News and Events
During the course of the Season we hold various events such as Vintage Weekends, Book Launches, Presentations, Airfix Paint and Make Days.
They will include: Vintage Weekends, 100th Anniversary of the RAF Centenary event, Blenheim Day, Defiant Day, John Vasco presentation on the Messerschmitt Bf 110 and several book launches, including Andy Longs definitive tome on the Boulton Paul Defiant.
Watch this space!
The Trustees and Volunteers of the Kent Battle of Britain Museum Trust are Very Pleased and Honoured to announce that Yvonne Malan, who is a descendent of the one and only Sailor Malan, is running three races in South Africa this year raising much need funds for the Museum!
The first race, The Peninsula Marathon will be this coming weekend on 18th February 2018. The race finishes in Simon Town where Sailor Malan was a cadet on board SATS General Botha and the source of the 'Sailor' nickname (his family members called him John).
In May Yvonne will be running the Wellington Half Marathon, where Sailor was born.
In September Yvonne will be running the Cape Town Marathon, the city where Sailor led the Torch Commando meetings.
Yvonne said :
Sailor was erased from from South African history after his death, so I hope to raise awareness in South Africa about his life and legacy. Even if I weren't related to Sailor, I'd still feel strongly about promoting the legacy of 'The Few.' As I mention in the MyDonate Page, their courage made the future possible. Regardless of where you where born or where you come from. If The Few had failed, the global consequences would have been horrific. We owe them so much.
If you would like to support Yvonne over these three races and thus support the work of the volunteers at the Kent Battle of Britain Museum Trust please click on the MyDonate button below.
Not only will we receive 100% of your donation but MyDonate will add Gift Aid to qualifying donations giving us an extra 25% at no extra cost to you
Presentation by John Vasco.
On Saturday 11th August 2018, the Kent Battle of Britain Museum is pleased to welcome back John Vasco. John is one of the leading experts on the Messerschmitt Bf 110 and on Erprobungsgruppe 210 (a German precision fighter bomber unit). There will be at least three presentations held by John throughout the day.
John Vasco will be showing a 16mm colour film of the examination of a 2nd Staffel, Erprobungsgruppe 210 Messerschmitt Bf 110, by the Vultee Aircraft Corporation in America. This very rare film came to light less than twenty years ago in America and has rarely been shown to the general public, the first time being shown at the Museum on 11th August 2002. The Messerschmitt Bf 110 took part in the attack on Hawkinge on the 12th August 1940, which was the first major attack on the airfield, and was shot down in combat three days later. Items acquired at the time of the crash are also on show within the Museum.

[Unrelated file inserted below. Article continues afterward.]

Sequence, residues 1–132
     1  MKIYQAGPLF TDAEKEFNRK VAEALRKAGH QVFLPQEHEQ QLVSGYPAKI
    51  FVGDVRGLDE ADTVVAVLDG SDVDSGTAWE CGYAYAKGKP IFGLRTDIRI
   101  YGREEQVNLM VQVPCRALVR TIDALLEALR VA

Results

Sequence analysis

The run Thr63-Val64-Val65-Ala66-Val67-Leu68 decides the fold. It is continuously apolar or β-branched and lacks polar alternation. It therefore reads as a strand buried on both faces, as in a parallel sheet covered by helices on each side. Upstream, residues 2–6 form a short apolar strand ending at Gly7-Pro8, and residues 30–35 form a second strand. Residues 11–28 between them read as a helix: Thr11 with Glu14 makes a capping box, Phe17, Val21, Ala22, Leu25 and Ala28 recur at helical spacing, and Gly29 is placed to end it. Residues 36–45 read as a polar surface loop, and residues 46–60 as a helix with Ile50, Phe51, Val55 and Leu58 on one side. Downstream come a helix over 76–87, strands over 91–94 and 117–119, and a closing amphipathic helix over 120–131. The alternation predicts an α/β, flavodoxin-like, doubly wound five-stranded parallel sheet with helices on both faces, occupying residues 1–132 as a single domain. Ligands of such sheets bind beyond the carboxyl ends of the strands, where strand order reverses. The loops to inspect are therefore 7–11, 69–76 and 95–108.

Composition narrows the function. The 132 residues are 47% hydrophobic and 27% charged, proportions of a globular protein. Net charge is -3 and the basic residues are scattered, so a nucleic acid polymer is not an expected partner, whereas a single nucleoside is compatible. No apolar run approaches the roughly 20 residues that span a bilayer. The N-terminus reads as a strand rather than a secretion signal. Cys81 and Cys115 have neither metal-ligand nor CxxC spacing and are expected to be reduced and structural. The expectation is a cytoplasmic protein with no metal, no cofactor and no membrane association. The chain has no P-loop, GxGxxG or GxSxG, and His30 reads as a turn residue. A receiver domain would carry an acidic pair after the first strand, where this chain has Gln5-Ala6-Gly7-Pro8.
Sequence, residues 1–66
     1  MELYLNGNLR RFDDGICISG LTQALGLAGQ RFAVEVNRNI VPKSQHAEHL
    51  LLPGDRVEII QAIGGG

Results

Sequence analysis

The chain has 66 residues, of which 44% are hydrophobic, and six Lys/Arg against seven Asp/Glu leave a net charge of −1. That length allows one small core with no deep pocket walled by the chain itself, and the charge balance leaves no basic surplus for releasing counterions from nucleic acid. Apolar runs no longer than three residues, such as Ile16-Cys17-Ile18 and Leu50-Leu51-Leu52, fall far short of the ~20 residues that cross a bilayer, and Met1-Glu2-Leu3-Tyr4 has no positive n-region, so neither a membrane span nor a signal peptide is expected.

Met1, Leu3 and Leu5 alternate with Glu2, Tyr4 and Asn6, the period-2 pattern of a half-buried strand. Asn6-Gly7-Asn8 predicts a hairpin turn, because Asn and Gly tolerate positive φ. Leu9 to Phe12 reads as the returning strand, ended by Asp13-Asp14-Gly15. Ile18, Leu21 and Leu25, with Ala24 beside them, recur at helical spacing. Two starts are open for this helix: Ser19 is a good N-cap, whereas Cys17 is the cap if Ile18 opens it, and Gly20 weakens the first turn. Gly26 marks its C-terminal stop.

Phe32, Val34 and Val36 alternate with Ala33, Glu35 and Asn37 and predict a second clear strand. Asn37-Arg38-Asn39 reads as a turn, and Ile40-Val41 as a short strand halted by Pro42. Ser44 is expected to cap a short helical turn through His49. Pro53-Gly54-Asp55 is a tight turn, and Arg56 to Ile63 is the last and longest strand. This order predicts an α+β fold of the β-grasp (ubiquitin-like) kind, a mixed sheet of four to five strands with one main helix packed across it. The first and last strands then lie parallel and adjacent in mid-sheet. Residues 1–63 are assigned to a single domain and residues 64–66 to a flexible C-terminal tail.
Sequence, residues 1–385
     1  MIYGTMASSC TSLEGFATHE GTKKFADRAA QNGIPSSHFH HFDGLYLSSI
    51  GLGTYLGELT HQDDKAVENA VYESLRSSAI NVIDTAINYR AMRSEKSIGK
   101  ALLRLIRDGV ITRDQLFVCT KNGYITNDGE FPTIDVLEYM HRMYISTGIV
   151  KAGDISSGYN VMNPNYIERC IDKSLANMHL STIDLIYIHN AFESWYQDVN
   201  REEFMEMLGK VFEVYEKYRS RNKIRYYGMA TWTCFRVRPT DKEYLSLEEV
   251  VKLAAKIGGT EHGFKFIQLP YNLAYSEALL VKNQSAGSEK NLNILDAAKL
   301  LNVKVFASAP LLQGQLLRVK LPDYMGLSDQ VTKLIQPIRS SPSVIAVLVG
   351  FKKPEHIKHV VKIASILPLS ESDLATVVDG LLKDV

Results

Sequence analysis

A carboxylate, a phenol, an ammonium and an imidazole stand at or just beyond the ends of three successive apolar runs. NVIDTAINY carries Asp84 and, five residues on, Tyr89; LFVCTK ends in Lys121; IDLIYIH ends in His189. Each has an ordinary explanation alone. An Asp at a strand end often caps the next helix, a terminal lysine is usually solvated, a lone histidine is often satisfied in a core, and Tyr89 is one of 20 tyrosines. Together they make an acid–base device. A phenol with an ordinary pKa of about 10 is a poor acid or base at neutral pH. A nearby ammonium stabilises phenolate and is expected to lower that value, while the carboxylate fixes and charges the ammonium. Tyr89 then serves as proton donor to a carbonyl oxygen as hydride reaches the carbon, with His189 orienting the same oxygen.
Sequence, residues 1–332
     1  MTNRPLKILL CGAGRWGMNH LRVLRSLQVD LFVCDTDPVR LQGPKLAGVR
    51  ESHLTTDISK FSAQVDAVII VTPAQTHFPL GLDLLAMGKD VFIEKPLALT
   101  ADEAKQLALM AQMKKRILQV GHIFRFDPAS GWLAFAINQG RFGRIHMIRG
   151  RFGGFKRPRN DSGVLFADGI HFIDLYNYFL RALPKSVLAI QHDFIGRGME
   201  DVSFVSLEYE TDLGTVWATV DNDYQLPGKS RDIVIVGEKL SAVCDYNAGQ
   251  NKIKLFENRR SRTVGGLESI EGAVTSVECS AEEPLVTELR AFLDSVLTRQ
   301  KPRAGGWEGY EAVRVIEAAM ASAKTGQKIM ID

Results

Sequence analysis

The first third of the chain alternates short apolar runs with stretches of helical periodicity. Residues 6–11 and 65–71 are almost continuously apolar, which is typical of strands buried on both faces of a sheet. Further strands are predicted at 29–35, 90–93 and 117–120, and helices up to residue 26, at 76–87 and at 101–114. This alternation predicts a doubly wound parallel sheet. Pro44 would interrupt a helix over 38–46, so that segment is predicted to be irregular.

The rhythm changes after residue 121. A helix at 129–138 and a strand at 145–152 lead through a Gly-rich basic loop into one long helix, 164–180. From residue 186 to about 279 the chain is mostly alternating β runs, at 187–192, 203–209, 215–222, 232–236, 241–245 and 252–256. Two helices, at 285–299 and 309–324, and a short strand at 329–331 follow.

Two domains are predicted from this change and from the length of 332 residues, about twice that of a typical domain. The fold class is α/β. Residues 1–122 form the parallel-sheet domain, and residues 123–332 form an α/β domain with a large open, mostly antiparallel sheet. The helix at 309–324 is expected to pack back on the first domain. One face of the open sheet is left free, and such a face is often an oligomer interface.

John Vasco will be giving talks on the film and also on the attack on Hawkinge during the day and will happily answer any other questions that visitors may wish to ask. John will also be available to sign several books he has written on the subject, and all the money raised by this, will go to expansion and improvement of the Museum.
The raid on Hawkinge was carried out without loss to Erprobungsgruppe 210 and the Hawkinge Operations Record Book recorded the raid as follows:
'Bombing attack by Ju 88's against the Station was carried out at 1730 hours and lasted approximately 10 minutes. One hangar, No. 3, was almost completely wrecked whilst one other, No. 5, was partially wrecked. A number of bombs of heavy calibre, including incendiary, were dropped. The aerodrome and buildings were machine-gunned during the attack. The main stores were partly damaged by fire, the clothing store almost completely. The fire was quickly brought under control by RAF personnel aided by local AFS. The Station Workshops were wrecked. Two houses in the Airmen's Married Quarters, occupied by airmen, were destroyed. Twenty-eight craters were made on the aerodrome, the longest being 76' x 72' x 28' deep and the smallest 10' x 10' x 8' deep, but the aerodrome was not rendered completely unserviceable. Repairs to the surface were immediately commenced by the RE's already attached for such work. Ground defences were surprised and no guns, except two Hispano, were fired. The altitude of the attacking aircraft was such that it was impracticable for the PACU to be brought into action. Two civilians employed by contractors of the Works Directorate were killed, and three airmen were killed. Six airmen received severe injuries and were admitted to the Kent and Canterbury Hospital, Canterbury. The Casualties occurred to personnel employed in No. 3 Hangar. Two Spitfire aircraft, under repair, were damaged, whilst one or two others were struck by splinters. Two non-operational aircraft on charge were damaged but repairable.
After the attack, seven men were left dead, within feet of where the Museum now stands. No. 3 Hangar received several direct hits and the towering Iron Belfast Hangar doors came off their top runners and crushed to death an airman and two civilian employees, Mr. Brisley and Mr. McCaister. Within the hangar Corporal McColl and three more airmen were killed. The site of this death and destruction, for many years after the war was the Hawkinge Parish Council's football pitch and has now been redeveloped with housing.